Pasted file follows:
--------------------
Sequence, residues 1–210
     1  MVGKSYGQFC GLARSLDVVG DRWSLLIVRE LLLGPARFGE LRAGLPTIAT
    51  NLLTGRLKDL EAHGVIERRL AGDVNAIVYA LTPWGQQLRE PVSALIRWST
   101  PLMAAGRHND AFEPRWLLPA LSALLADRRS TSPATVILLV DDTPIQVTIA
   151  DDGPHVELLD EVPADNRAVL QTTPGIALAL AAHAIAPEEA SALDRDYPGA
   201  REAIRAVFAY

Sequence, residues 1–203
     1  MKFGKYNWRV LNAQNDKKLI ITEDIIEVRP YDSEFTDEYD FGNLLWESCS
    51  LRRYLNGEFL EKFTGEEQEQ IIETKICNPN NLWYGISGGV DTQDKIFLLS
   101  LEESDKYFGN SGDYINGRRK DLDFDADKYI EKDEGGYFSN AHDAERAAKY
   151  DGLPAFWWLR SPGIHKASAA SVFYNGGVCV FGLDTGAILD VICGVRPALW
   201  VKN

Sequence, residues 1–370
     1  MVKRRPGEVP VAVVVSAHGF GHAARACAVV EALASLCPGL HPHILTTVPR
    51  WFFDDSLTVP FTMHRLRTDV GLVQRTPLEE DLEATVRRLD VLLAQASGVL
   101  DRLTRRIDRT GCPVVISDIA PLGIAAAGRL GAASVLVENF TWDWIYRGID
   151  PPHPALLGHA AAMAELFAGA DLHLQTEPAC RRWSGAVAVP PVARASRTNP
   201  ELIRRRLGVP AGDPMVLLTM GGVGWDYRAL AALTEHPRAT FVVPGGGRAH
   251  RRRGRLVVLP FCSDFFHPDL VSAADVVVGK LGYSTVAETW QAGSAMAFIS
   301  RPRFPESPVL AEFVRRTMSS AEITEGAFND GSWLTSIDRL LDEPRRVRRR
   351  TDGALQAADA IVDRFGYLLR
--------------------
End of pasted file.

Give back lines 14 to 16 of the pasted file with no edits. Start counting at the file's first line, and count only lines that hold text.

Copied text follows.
     1  MVKRRPGEVP VAVVVSAHGF GHAARACAVV EALASLCPGL HPHILTTVPR
    51  WFFDDSLTVP FTMHRLRTDV GLVQRTPLEE DLEATVRRLD VLLAQASGVL
   101  DRLTRRIDRT GCPVVISDIA PLGIAAAGRL GAASVLVENF TWDWIYRGID